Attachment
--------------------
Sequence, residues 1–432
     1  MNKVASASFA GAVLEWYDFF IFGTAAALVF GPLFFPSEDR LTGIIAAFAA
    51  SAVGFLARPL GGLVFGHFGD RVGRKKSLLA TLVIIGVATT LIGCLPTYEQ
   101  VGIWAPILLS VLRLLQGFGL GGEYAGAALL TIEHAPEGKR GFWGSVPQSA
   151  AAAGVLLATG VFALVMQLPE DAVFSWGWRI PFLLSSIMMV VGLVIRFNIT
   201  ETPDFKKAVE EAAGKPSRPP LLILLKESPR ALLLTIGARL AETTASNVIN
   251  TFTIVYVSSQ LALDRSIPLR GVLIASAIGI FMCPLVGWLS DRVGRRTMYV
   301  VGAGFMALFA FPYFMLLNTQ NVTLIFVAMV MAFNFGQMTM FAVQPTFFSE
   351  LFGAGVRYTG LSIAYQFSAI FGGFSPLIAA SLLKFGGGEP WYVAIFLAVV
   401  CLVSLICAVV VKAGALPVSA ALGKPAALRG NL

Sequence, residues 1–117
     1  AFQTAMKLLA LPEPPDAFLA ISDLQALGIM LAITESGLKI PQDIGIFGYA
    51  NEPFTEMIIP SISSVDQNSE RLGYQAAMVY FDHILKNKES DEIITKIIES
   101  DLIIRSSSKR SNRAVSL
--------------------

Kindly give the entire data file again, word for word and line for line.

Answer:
Sequence, residues 1–432
     1  MNKVASASFA GAVLEWYDFF IFGTAAALVF GPLFFPSEDR LTGIIAAFAA
    51  SAVGFLARPL GGLVFGHFGD RVGRKKSLLA TLVIIGVATT LIGCLPTYEQ
   101  VGIWAPILLS VLRLLQGFGL GGEYAGAALL TIEHAPEGKR GFWGSVPQSA
   151  AAAGVLLATG VFALVMQLPE DAVFSWGWRI PFLLSSIMMV VGLVIRFNIT
   201  ETPDFKKAVE EAAGKPSRPP LLILLKESPR ALLLTIGARL AETTASNVIN
   251  TFTIVYVSSQ LALDRSIPLR GVLIASAIGI FMCPLVGWLS DRVGRRTMYV
   301  VGAGFMALFA FPYFMLLNTQ NVTLIFVAMV MAFNFGQMTM FAVQPTFFSE
   351  LFGAGVRYTG LSIAYQFSAI FGGFSPLIAA SLLKFGGGEP WYVAIFLAVV
   401  CLVSLICAVV VKAGALPVSA ALGKPAALRG NL

Sequence, residues 1–117
     1  AFQTAMKLLA LPEPPDAFLA ISDLQALGIM LAITESGLKI PQDIGIFGYA
    51  NEPFTEMIIP SISSVDQNSE RLGYQAAMVY FDHILKNKES DEIITKIIES
   101  DLIIRSSSKR SNRAVSL